A nest of spotted Easter eggs on top of an open Bible.Lvnel/istock/Thinkstock

The world's observance of Easter is a curious mixture of ancient mythological and idolatrous practices and arbitrary dating that actually obscure and discredit the proof of Jesus Christ's messiahship and resurrection.

As a boy attending a mainstream church with my family, I was always surprised to see people at services on Easter Sunday who didn’t come any other time of the year, not even at Christmas. Embarrassed and somewhat fearful, a few of them told us they hoped that God would forgive their sins and absences because they made the special effort to come to church on Easter Sunday, which to them was the most sacred time of the year.

Customs and symbols associated today with Easter observance can be directly traced back to Easter’s pre-Christian origins.

Others felt that a special measure of sanctification, purification and holiness was imparted to them by their attendance at Easter services.

However, these people likely didn’t know or even wonder about Easter’s real origins. They probably would’ve been surprised to know the truth of the matter!”

More at:



Not a lot has been going on since I updated on Wednesday, which was the anniversary of Jesus’ sacrifice and the beginning of The Feast Of Unleavened Bread.  On Thursday, a trip to the doctor’s office for the annual checkup required by my insurance company.  It was done by a nurse practitioner, who when testing my strength, told me to push her.  Then she said, “I should have known you’d be strong.” 

For the last few mornings that we have worked, my helper and I have been re-doing the front door and glass storm door that Jay installed on the mini-house.  They have never worked right.  We had to reset the front door jamb completely and move it all inward, and the storm door had to be re-hung because it was ‘hinge-bound’.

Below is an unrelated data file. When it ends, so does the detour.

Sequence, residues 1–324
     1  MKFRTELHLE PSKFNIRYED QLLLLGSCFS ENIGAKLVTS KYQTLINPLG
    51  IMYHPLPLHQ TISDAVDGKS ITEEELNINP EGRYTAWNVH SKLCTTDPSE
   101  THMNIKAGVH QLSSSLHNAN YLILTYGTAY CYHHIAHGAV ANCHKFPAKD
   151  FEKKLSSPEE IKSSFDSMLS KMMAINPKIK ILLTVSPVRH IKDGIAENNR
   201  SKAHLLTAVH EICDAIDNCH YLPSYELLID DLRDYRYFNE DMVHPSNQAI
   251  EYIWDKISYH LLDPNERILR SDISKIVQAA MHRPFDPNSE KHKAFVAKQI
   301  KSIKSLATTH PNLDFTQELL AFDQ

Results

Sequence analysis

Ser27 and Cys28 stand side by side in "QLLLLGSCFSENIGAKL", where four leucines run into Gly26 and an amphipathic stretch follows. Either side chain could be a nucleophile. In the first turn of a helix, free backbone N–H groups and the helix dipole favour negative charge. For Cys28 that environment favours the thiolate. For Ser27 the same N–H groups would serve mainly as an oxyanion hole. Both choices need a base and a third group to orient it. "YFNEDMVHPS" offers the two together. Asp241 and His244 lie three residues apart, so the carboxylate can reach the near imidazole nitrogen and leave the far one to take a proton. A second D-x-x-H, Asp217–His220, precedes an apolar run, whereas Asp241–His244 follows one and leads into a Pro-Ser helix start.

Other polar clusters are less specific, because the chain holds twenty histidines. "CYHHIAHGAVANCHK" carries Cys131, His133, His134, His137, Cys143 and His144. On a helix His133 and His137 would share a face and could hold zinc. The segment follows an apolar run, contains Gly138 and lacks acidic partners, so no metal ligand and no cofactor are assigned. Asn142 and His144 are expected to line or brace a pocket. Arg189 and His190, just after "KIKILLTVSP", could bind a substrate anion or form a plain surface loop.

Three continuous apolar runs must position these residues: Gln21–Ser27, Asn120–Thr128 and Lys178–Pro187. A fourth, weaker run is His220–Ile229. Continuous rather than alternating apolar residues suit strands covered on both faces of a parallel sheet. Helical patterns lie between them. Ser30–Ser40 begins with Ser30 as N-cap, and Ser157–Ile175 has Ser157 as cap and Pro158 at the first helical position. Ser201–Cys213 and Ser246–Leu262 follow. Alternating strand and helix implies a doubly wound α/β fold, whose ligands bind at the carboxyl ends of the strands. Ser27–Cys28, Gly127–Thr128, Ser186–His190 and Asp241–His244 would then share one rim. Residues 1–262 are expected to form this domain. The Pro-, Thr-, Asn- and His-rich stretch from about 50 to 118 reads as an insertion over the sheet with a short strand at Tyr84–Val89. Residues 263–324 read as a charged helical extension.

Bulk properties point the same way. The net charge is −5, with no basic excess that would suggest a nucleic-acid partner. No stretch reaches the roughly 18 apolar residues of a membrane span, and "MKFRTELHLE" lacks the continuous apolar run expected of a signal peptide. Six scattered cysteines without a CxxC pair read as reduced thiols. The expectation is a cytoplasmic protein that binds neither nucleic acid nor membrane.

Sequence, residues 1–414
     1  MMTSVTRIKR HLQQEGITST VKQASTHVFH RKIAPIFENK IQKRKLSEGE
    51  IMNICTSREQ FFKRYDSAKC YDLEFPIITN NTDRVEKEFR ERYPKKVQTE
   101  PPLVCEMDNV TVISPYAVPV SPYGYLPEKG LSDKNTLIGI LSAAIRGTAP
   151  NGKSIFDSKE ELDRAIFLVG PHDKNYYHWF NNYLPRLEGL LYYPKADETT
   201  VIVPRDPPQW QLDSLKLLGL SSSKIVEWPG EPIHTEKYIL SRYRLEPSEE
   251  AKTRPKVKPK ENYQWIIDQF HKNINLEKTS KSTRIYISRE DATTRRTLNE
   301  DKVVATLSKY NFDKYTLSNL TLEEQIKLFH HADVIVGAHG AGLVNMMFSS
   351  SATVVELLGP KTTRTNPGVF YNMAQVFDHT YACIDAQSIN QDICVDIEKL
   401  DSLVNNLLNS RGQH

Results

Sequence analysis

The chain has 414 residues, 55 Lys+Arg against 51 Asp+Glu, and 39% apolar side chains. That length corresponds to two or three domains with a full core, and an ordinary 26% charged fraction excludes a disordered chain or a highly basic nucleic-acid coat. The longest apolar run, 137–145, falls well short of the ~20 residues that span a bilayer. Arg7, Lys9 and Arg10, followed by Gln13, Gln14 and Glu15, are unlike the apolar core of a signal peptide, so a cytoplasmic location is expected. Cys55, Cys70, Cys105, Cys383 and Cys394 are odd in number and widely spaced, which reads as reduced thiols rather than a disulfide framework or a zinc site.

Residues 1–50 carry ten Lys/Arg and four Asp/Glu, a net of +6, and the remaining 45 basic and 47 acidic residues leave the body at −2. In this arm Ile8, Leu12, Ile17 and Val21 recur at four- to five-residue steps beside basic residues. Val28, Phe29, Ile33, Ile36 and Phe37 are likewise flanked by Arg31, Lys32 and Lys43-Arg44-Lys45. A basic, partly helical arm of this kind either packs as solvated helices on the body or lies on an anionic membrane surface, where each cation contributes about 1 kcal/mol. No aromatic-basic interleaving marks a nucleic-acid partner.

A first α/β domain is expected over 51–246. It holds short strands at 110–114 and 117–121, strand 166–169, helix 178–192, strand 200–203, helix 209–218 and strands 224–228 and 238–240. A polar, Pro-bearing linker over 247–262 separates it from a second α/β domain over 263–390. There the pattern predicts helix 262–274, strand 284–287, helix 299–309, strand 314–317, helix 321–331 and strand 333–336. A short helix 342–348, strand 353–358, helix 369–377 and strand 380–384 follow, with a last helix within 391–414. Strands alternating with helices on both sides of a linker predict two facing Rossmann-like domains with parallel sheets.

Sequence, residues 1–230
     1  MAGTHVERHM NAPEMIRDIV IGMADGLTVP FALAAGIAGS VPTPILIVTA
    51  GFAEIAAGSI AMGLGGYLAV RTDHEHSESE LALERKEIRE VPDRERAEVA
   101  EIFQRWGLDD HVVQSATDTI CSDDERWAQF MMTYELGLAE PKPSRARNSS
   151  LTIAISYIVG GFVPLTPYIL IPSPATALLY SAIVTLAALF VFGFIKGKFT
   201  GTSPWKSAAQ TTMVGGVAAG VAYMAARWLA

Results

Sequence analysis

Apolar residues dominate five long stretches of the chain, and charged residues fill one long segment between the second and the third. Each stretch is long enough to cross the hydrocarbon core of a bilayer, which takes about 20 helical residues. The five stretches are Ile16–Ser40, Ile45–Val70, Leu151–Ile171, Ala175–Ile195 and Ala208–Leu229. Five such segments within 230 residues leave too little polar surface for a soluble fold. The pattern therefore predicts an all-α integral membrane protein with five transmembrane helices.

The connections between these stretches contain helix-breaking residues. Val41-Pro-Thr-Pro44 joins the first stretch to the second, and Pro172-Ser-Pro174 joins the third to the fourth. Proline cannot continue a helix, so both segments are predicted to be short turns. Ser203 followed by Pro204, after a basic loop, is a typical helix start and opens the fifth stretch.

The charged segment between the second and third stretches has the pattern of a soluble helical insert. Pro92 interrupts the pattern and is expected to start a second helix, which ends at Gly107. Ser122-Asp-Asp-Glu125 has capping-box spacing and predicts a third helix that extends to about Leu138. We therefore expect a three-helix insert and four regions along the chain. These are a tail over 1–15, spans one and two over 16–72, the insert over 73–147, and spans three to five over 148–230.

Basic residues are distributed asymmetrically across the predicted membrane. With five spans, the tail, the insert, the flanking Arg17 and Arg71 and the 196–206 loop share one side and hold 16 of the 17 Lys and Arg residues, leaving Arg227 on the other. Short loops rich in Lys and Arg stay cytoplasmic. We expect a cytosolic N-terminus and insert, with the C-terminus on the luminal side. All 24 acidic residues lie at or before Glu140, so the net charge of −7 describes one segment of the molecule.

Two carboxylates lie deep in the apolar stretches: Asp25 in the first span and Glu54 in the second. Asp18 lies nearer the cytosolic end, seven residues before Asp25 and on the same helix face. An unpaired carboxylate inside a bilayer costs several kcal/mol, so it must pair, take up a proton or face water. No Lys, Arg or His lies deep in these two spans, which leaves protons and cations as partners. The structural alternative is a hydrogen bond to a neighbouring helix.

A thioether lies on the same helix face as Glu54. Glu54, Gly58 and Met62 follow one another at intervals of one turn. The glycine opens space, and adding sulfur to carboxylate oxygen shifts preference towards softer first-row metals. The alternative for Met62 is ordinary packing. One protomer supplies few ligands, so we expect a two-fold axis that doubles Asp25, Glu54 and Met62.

For the church potluck I made another lamb dish with little new potatoes.  Even though the pastor’s wife’s knee is better to the extent that she was finally able to come to church, she can still hardly walk.  So I left early again as I knew that I would have to manage the kitchen.  The pastor’s wife had made some taco meat from a church member’s home raised beef, and then there were all the fixin’s.  I chopped up onions, lettuce, tomatoes and there was all that good stuff, like guacamole and shredded cheese.  We had soft and crispy tortillas, still in keeping with The Feast of Unleavened Bread, as they are unleavened.

The Bible readings were Psa. 136, Lev. 6:8-8:36, Jer. 7:21-8:3 and 9:22,23, 1 Cor. 10:1-22.  These scriptures include the ones about not grumbling, and don’t partake of the cup of the LORD and that of demons.  The Teaching was about The Temple Of His Body, and The Resurrection.  But neither the pastor’s wife, who was sitting in the kitchen, nor I couldn’t hear much of it as a lady came in the kitchen and was telling us all about her health, which I thought was very rude, and unimportant considering that the pastor’s wife and I were trying to listen to the Teaching.  She would have had plenty of time to tell all that after the service.  I pointedly went over to the speaker to try to show that I wanted to listen to the Teaching but she didn’t finally shut up until I said “They are saying the blessing”, which was at the end of the service.

We had a big crockpot of beef stew, my new batch of Lamb Cholent, Chicken and Enchiladas, and the hard and soft tacos.  It was a great spread with no leavening at all, and enough to serve again on the last day of The Feast of Unleavened Bread which will be on Tuesday.

Friday, April 14, 2017

Take the Bread and Wine in a Worthy Way. Christ’s Body. “This Is My Blood … for the Remission of Sins”


On Wednesday, the 12th. April 2017 we had a service to commemorate the death of Jesus all those years ago.